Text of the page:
Let’s take an animal’s approach to the world

Yes, here we are at the eve of another new year. And if I don’t sound too excited, it’s because I’m not. For the longest time I’ve had a major block as to what to write for this particular column. Last year, I experienced this same block at this same time and was unable to overcome it. As a result, last New Year’s there was no Animal Behavior column.

After hours of battling this block unsuccessfully, I finally gave up. I called the paper to inform them that my column would not appear this week. Within a half hour of moving on to other chores that waited to be done, it hit me. My mind at last had quieted enough for the truth to surface!

I really do not like this “holiday.” Derived from “holy day,” there is nothing holy about it. A time of over indulgence and making lofty promises that are seldom kept, New Year’s Eve marks all that is wrong with our self-directed departure from nature.

In the wild, animals listen to their bodies. They eat when they are hungry and they drink when they are thirsty. They do not fight with one another for the fun of it, but only when it is absolutely necessary. They respond to the specific needs of each moment and each circumstance as best they can. And they don’t complain about any of it along the way.

In our evolution of this thing we call intelligence, the things we are capable of doing are truly remarkable. Like a new toy, we are constantly playing with our thoughts. We carry on internal dialogues in our heads with the endless array of ideas that are swimming about. And in so doing we drive ourselves crazy.

There is no doubt that our thoughts influence our perceptions. If you think your life is miserable, your attention automatically focuses on all the bad things that are happening. When you’re in love, the world’s your friend and all is bright and wonderful.

So what does all of this have to do with New Year’s? And what does it have to do with animals? Animals are extremely perceptive. They are very aware of what is going on in their environments and are therefore prepared to respond appropriately. We humans are so wrapped up in our thoughts about our lives that we very often miss a lot of helpful information that our environments are sharing with us.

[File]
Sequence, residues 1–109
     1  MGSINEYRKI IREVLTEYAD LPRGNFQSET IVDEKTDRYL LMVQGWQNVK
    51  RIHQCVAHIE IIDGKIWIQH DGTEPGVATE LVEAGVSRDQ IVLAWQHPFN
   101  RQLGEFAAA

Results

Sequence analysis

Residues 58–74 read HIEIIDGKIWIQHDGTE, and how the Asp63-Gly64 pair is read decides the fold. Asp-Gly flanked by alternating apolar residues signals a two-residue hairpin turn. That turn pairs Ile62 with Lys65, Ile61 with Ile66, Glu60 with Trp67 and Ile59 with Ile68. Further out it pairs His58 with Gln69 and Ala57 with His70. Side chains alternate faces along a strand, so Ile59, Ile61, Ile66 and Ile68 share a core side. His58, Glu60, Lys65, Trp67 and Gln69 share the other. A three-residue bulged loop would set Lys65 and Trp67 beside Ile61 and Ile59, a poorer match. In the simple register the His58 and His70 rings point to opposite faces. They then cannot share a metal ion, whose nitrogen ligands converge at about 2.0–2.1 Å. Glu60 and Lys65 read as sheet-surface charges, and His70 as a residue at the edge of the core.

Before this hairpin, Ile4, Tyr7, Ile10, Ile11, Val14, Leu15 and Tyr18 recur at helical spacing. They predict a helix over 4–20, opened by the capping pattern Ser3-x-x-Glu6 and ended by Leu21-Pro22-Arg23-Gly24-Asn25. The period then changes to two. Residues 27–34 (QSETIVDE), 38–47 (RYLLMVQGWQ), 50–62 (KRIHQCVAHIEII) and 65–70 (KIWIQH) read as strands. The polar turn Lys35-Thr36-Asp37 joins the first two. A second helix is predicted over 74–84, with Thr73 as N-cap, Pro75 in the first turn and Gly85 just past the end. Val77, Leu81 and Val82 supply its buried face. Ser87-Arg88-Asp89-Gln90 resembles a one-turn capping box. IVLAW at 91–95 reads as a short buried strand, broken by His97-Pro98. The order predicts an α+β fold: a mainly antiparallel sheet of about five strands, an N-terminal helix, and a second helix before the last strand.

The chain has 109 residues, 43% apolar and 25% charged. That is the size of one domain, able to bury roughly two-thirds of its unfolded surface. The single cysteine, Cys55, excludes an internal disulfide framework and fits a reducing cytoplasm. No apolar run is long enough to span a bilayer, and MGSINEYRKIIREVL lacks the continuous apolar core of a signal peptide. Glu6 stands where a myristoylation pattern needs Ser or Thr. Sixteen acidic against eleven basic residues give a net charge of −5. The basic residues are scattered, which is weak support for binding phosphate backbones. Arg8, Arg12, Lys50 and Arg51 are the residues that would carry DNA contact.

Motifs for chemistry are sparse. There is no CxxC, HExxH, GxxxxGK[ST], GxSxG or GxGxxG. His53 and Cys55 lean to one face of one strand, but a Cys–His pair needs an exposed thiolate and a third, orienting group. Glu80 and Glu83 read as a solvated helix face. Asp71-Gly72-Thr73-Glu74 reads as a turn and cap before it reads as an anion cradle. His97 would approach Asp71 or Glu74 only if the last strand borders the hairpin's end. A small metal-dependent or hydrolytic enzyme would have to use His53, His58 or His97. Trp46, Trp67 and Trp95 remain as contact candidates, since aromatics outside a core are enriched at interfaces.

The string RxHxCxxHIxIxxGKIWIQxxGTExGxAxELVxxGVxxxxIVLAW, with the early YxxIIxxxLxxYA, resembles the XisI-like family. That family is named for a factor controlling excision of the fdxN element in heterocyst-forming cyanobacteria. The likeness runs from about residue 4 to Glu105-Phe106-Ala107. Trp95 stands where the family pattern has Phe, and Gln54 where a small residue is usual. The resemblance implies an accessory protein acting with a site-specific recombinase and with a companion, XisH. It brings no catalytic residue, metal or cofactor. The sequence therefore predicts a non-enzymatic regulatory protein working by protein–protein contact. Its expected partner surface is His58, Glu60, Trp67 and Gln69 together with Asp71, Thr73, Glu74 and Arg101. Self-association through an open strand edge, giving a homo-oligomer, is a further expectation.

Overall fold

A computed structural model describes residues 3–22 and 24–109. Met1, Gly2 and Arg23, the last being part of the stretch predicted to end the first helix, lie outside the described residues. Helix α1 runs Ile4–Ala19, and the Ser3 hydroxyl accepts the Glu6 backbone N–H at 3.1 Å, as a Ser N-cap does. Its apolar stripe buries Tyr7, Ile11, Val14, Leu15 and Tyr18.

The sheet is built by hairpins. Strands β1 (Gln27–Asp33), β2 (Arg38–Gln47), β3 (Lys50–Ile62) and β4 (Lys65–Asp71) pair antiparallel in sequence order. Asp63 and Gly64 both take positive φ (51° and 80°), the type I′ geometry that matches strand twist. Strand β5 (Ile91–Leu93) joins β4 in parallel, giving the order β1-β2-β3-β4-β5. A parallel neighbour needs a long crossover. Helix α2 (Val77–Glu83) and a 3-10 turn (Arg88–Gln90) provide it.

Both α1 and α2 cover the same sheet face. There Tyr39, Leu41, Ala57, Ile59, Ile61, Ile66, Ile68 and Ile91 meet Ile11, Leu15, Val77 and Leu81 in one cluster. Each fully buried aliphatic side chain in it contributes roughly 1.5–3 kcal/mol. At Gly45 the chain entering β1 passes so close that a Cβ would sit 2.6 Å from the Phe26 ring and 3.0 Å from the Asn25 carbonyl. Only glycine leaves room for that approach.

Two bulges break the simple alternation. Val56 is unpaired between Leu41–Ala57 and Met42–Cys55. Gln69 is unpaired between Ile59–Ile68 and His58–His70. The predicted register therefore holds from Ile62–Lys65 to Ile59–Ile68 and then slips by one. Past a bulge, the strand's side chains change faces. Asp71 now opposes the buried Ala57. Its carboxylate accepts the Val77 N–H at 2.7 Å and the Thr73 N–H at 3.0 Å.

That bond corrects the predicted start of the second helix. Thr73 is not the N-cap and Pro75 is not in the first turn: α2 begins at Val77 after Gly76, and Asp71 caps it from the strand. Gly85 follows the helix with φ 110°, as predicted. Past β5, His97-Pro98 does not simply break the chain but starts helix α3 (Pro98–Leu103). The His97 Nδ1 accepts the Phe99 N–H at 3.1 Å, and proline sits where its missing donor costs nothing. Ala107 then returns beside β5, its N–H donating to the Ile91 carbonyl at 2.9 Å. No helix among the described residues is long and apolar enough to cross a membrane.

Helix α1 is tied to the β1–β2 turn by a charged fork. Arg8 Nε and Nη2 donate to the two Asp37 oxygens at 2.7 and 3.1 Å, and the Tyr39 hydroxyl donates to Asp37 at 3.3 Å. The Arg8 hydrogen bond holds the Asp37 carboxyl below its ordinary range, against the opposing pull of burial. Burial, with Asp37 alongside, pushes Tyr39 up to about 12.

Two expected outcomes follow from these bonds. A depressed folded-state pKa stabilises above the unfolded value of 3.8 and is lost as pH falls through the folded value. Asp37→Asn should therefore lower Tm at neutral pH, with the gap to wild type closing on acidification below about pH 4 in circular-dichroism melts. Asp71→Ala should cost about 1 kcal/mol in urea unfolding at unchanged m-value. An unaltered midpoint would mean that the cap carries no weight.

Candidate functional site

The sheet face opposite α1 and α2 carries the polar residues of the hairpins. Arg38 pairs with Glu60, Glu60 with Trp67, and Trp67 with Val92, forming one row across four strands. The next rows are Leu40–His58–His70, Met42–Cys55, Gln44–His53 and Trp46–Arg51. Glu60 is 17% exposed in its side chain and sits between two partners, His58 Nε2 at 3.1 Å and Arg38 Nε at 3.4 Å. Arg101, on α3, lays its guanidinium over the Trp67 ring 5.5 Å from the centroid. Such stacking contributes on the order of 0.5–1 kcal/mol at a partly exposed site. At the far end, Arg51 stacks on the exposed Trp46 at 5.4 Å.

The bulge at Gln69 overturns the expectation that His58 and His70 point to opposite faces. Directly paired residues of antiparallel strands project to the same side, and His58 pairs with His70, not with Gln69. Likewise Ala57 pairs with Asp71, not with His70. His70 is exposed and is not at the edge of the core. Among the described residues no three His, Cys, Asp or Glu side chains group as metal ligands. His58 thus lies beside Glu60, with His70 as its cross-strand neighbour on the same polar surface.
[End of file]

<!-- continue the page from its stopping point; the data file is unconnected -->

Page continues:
Although I have never liked the idea of New Year’s resolutions, if I had to make one it would be this: I resolve that from this point forth I will aim to behave more like an animal, and in so doing live in greater harmony with the world. I will do this by consciously quieting my mind. By clearing out the extraneous thoughts, my attention will be free to perceive what information my environment has to give. When I free myself to respond appropriately to each situation as it occurs, I know I will be making well-informed and therefore wise choices. Rather than devising a plan and charging forward, stumbling into and over all obstacles in my path, I will aim to use my mind judiciously, for it is a most powerful tool. And in so doing I will be alert to perceive what each moment has to offer, so that I can make the most of opportunities as they unfold.

For you, I wish speed and comfort in attaining all that you wish for yourselves and your animals.

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